10 things I hate about EU
Anti-democratic, anti-worker, anti-migrant... the EU is awful.
More than 100 days since the Brexit vote, many Remainers still think they have the moral high ground. They hold up the European Union as a beacon of internationalism, progressiveness and cooperation, while Leave voters are denounced as xenophobes hoping to tear the continent apart. The EU deserves no such praise. Here’s a reminder of the EU’s worst excesses, and why Britain is right to leave this shameful institution behind.
1) It destroyed the Greek working class
So, you say the EU is a progressive project, built in the interests of workers? Tell that to the Greek working class. Since the Greek debt crisis began in 2009, Greece has been pummelled with austerity measures by the Troika – the European Commission, the European Central Bank and the International Monetary Fund. And recently, things have gone from bad to worse.
In 2015, more than 61 per cent of Greek voters voted No to another EU bailout due to the austerity measures attached. Yet the voice of the Greek people was ignored and Greece’s leaders acquiesced to more punishing austerity. Today, the situation remains rocky: unemployment stands at 23.2 per cent, while youth unemployment has remained at around 50 per cent since October last year, only recently dropping to 42.7 per cent.
2) It screws over Africa
Not only has the EU wrecked the economies of its own member states, Africa gets it in the neck, too. The EU’s Common Agricultural Policy provides subsidies for the EU’s biggest landowners. This means the EU can export heavily subsidised food into Africa, ruining local trade for farmers who have to compete with the low prices. Meanwhile, EU restrictions on imports cost African countries millions.
As Brian Denny, spokesman for Trade Unionists Against the EU, has noted: ‘Mozambique loses more than £100million a year because of restrictions on importing into the EU, coupled with the dumping of cheap exports at its door, while many thousands of workers in Swaziland have lost their jobs because the local industry cannot compete.’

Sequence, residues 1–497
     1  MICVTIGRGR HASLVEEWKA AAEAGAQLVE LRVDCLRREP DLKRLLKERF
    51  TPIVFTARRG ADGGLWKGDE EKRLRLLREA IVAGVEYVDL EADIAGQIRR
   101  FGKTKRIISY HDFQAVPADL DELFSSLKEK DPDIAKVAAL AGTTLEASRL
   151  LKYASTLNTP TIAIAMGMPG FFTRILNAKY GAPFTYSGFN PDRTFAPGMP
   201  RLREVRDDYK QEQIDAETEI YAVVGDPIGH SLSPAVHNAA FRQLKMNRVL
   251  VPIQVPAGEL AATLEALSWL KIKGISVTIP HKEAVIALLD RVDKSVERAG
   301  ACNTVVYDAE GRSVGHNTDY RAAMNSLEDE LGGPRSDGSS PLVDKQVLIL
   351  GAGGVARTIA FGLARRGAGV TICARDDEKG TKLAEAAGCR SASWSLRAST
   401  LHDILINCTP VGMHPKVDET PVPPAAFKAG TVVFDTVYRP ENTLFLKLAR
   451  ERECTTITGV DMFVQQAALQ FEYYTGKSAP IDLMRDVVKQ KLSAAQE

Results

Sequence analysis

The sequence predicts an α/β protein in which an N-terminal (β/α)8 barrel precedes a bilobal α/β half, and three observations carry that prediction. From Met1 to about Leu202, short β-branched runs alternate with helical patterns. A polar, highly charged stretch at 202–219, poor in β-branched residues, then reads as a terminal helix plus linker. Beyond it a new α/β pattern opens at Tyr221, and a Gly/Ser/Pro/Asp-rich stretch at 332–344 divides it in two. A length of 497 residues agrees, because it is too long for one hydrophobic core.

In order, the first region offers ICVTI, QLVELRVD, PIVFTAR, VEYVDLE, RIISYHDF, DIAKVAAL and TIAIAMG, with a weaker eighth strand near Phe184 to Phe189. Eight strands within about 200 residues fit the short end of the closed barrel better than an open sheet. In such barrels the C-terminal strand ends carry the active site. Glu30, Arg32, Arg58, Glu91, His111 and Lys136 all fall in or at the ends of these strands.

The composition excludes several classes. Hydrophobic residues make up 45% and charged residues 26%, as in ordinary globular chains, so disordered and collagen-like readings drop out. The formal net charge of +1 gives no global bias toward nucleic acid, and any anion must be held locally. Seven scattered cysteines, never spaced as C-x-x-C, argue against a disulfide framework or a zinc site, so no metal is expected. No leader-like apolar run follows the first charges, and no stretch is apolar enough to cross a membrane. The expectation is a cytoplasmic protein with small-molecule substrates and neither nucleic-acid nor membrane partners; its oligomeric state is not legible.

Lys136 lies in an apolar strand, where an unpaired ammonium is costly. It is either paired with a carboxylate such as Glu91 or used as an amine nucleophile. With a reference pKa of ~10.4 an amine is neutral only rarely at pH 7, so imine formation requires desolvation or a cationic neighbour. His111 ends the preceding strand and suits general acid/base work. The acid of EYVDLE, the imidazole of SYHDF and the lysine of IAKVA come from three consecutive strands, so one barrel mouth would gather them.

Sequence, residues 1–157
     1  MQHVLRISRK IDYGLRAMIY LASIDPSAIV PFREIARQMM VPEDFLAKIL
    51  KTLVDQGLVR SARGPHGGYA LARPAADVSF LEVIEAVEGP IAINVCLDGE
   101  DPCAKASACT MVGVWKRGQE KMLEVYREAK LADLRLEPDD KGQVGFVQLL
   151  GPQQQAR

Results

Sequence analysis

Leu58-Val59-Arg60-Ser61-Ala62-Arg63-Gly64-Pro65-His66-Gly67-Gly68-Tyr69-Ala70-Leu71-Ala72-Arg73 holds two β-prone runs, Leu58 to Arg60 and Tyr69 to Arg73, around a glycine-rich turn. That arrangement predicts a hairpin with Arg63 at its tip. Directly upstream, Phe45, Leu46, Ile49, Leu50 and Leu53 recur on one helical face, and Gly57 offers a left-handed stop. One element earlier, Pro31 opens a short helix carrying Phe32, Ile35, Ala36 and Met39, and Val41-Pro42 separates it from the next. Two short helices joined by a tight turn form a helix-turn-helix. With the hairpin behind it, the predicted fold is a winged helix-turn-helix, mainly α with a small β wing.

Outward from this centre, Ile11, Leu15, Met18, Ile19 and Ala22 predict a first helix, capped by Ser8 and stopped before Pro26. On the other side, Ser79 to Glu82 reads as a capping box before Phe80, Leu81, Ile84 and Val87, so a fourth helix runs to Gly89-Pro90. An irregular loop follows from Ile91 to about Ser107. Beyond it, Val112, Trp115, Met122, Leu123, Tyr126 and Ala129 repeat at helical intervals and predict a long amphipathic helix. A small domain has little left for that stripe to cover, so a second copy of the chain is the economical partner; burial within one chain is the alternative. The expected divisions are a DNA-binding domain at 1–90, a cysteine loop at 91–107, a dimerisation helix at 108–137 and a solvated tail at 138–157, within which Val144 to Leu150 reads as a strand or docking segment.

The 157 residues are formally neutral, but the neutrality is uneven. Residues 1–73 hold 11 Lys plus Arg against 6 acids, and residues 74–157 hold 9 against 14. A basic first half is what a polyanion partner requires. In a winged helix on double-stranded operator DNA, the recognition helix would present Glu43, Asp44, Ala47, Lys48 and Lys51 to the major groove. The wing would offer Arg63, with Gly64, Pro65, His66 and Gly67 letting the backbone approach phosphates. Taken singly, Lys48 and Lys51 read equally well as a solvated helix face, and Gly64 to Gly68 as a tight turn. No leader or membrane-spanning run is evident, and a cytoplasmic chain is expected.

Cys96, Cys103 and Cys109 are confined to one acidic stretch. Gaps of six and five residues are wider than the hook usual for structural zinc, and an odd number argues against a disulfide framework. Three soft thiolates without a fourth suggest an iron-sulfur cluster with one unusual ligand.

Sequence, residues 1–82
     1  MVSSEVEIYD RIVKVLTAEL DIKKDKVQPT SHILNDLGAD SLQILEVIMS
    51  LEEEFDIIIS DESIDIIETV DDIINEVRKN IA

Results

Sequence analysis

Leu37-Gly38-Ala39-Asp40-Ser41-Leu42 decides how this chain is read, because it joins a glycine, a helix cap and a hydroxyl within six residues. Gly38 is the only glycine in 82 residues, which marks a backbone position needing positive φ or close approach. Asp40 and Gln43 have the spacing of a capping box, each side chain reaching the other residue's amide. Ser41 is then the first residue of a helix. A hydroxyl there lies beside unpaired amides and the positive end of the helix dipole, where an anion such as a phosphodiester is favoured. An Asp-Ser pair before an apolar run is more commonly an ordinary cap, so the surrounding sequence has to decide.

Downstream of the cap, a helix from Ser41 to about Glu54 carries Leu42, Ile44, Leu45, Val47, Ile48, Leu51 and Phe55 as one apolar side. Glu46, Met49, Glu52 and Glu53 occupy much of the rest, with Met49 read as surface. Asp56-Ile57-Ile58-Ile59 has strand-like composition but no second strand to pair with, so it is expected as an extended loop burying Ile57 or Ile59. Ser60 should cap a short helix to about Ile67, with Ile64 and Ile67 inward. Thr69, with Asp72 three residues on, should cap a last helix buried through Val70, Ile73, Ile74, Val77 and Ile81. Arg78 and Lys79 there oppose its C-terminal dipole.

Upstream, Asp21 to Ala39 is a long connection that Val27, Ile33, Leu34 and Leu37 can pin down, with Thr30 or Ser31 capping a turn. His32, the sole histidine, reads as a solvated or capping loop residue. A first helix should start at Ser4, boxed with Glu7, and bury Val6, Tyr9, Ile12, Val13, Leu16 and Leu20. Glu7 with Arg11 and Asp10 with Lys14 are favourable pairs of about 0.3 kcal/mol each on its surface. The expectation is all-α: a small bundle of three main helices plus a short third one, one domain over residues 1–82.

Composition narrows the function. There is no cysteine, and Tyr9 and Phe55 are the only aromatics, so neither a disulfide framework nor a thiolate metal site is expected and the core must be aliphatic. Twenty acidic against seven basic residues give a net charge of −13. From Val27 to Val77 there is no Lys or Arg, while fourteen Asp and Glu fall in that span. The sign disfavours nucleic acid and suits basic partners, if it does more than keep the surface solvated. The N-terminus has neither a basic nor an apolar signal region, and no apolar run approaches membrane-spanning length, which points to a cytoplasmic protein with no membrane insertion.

3) It has a racist immigration policy
Many in the Remain camp claim that leaving the EU is simply a xenophobic excuse for closing borders and stopping immigration. But while the EU offers free movement to those within its borders, those outside are treated brutally. According to the Overseas Development Institute, Europe spent over €17 billion to curb migration between 2014 and 2016. By far the largest chunk of money, €15.3 billion, was spent outside of Europe – in many cases paying off African dictators to keep black migrants out.
Thousands of immigrants have perished trying to cross into Europe illegally. More than 2,500 people died trying to cross the Mediterranean between January and May this year, according to the United Nations refugee agency. During the same period last year, 1,855 people died. This is the direct result of a migration policy that is not only restrictive, but openly discriminatory.
4) It is contemptuous of ordinary people
EU officials are not shy about letting EU citizens know what they really think of them. Following the Brexit vote, European Commission president Jean-Claude Juncker rejected British Leave voters’ capacity for independent thought by claiming we’d been brainwashed by ‘40 years of lies’. According to Juncker, the vote showed ‘something was wrong in Britain’. It has similarly libelled French, Irish and Dutch people as ‘ignorant’ when they voted against EU treaties.
5) It carries out technocratic coups
The EU is deeply undemocratic, preferring to make decisions behind closed doors, beyond the reach of the public. Its contempt for democracy was perhaps made most explicit in the wake of the financial crash.
In 2011, technocratic governments were imposed on Greece and Italy, fronted by former EU bureaucrats Lucas Papademos and Mario Monti respectively. Both pushed through EU-sanctioned austerity measures, including higher taxes and a rise in pension ages. Monti has praised the rule of technocrats: ‘The absence of political personalities removes any ground for disagreement.’